Florida Wildlife Management


David-

I'm not sure how much insight I can provide into your endeavors as I am not an expert in mammalian rehab. I specialize in reptile and amphibian rehab. I would be happy to offer a few of my personal opinions for whatever they are worth to you.

It seems to me the problem is not the proper removal of wildlife in the attic, but proper prevention to keep them getting in there in the first place. If people would simply take the time to check for points of entry and keep them sealed off, no problem to begin with. Perhaps a campaign aimed at educating people about how to keep wildlife out of their attic in the first place would be more appropriate and yield greater results towards your goal of not having as many displaced orphans.

Next, we have to put the situation in proper perspective and context. The majority of people view a raccoon in their attic as a pest, an infestation, and a nuisance to be dealt with in the most effective, expedient, and economical avenue possible. Most people don't care about harming or killing the raccoon in the attic, or their offspring. I know this sounds heartless, but it is a fact of life. I deal with it all the time. I love reptiles and enjoy helping them, but I often get calls from people looking for quick pest-disposal and just want to be rid of the disgusting and scary snake in their basement. I don't feel this way, but they do. The sooner we realize and accept that the better we are to keep our emotions under control and in check and can focus on helping the animals that really need us.

As for pest removal, they are a necessary evil. We don't have to like what they do, but we do have to acknowledge that they provide a needed service. I don't think anyone would agree that we should let the roaches run wild and that pest removal companies should leave all pests alone. The problem is how we handle those pests, and how we define what a pest is, and everyone's idea is different. I don't like the fact that most pest removal companies use glue strips to catch and kill snakes. I do like it when they put down bait and poison to kill cockroaches and rats, though. Unfortunately pest and wildlife removal people are not in the business to help wildlife, nor are they trained to do so. But we still need their valuable services even if we don't like it.

Now here's a tidbit that I know is really going to burst your bubble and make you hate me. It is an overabundance of humans and wildlife in close proximity that spawns these problems. By unknowingly providing homes in attics, barns, and garages, and by providing gourmet meals in our garbage cans, we are promoting the rapid unnatural spread of many of these wild animals. The last thing we need is more of them living in the same residential areas. Raccoons and squirrels are not endangered, not threatened, and their populations are booming to the point that interactions between them and humans are rampant and continuous. Raccoons are carriers of not only human zoonotic pathogens such as rabies and typhus, but also canine and feline distemper, parvovirus, coronavirus, and a number of other really nasty diseases that can affect us and our pets. Does that mean I don't think we need raccoons? Of course not. But I don't think we should worry about protecting raccoons that are living uncomfortably close to humans. By doing so we are encouraging more generations of raccoons to live amongst us. Protect the raccoons in their natural environment, not in our environment. (yes, I know it was their home first, but that's another argument that we can't win)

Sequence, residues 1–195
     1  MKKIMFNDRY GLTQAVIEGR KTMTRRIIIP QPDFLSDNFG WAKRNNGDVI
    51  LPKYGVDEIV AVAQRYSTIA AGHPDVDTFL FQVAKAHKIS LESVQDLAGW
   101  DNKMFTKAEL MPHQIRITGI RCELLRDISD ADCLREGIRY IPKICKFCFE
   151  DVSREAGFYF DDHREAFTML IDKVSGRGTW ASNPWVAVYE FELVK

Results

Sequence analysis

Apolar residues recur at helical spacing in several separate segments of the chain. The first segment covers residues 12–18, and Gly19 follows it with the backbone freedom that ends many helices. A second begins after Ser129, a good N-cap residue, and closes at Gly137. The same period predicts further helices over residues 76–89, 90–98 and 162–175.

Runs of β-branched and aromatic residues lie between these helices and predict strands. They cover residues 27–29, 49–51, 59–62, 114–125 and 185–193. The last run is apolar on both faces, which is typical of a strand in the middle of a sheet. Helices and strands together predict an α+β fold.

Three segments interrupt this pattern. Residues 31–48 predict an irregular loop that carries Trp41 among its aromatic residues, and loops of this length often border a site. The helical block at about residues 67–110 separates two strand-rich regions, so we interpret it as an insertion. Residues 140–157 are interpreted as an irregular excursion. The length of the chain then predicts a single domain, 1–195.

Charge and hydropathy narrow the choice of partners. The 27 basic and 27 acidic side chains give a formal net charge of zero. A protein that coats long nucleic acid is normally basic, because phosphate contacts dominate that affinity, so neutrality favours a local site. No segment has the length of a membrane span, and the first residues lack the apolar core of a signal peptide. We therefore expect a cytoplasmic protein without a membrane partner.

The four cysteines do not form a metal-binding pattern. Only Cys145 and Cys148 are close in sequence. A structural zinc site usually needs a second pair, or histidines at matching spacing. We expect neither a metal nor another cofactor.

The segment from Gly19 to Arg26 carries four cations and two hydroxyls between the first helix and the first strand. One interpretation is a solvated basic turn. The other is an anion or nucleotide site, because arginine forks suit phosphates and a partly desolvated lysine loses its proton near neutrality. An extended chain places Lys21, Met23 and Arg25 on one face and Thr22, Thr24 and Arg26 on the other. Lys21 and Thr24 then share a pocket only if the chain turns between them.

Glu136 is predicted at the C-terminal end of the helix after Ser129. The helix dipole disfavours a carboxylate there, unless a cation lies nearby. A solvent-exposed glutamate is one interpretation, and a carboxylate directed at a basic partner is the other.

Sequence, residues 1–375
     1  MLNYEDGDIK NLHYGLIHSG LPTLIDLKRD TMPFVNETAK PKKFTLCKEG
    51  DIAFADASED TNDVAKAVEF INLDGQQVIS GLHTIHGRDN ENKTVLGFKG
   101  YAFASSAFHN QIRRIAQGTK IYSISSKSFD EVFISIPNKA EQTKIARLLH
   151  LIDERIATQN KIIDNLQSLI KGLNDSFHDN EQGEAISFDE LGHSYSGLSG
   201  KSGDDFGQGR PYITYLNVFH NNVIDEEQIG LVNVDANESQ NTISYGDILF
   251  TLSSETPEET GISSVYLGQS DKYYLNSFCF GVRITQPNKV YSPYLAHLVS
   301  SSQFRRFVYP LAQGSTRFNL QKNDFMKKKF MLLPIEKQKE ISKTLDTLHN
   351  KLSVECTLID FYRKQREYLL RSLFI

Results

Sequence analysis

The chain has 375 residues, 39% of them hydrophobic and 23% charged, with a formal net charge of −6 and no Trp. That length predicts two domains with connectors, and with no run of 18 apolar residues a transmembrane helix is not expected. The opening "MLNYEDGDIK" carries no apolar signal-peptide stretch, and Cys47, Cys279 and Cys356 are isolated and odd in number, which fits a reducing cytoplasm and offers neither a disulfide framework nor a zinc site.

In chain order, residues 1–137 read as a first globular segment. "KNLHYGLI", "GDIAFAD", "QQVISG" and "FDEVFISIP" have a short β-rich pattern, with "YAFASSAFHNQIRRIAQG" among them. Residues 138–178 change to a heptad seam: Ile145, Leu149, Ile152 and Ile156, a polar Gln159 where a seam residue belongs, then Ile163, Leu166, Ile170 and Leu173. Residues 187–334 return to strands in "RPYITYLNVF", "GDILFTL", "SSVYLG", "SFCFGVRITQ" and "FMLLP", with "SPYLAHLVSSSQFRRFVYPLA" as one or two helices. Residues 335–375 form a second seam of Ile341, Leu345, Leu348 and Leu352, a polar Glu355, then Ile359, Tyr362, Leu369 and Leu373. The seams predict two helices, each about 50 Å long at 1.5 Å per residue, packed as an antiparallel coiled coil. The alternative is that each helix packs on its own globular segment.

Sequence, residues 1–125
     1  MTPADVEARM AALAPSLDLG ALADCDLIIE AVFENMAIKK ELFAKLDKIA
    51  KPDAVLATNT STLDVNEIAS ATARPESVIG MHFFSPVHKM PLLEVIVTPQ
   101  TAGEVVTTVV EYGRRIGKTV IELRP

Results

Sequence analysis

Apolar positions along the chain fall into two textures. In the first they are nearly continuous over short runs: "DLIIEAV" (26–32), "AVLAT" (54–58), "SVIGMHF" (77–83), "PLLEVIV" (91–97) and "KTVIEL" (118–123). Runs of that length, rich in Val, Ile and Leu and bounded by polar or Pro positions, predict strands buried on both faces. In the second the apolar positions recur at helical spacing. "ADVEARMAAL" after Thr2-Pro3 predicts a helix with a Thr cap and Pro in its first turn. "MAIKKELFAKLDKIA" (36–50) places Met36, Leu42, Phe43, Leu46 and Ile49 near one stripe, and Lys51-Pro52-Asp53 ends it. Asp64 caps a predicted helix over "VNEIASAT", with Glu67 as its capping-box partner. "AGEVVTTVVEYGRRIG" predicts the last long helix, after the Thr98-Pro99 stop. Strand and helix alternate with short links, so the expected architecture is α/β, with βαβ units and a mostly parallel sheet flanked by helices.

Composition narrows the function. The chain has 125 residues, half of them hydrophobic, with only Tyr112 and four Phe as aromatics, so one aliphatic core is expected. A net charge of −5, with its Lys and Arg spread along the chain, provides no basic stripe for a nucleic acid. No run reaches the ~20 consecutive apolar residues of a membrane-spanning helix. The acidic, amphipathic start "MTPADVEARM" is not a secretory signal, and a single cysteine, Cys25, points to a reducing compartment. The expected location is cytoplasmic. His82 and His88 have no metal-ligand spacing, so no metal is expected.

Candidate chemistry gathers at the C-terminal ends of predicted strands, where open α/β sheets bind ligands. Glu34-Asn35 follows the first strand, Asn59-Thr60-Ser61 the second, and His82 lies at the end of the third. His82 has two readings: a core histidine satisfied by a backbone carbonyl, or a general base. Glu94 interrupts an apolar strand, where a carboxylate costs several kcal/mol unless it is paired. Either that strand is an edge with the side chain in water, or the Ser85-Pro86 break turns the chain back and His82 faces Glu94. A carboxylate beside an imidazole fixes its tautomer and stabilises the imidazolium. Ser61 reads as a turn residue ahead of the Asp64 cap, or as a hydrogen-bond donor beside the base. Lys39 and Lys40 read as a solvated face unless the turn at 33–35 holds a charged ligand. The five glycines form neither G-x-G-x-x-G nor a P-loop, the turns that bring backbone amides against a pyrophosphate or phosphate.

The Florida Division of Wildlife actually prohibits the rehabilitation and release of raccoons in Florida. Even wildlife rehabbers are not allowed to relocate and release them. They must be euthanized by state law. This is because there is such a high risk of disease transmission to humans and pets, they are extremely plentiful and in abundant numbers, and once they have become accustomed to living amongst humans they will continue to return there for easy food and shelter. Once a problem coon, always a problem coon. Florida treats alligators the same way... gators in the wild get help and attention, but one interaction with humans and FL fish and game puts them down. It's because they know once the gator sees humans (or our pets) as a food source they are going to keep coming back. This is bad.

I understand you don't want to see any orphan animal suffer and die, but if those babies in the attic live they are just going to get killed in someone else's attic or shed, if they don't bite a child or someone's dog or have more babies first. I feel that the one's unfortunate enough to have selected a human residence to settle down in made a poor choice, and I don't think we should go out of our way to save those "domesticated" wild animals that will continue to cause problems and situations like the very ones we are discussing now. We should be focusing our efforts on injured and orphaned wild animals that came out of their own native habitat, not try to save the trouble makers and continue to promote these animals living among us by saving and releasing them back into the suburbs.

I applaud your efforts and desire to help orphaned animals in need, I just feel your passions and efforts are somewhat misplaced. The baby raccoons in an attic are not a good thing. We should not promote catch and release these animals. They will continue to cause the same problems and then you will have ten more litters of raccoons to remove from attics.

Hope this helps shed a new perspective and a different light on the subject for you.


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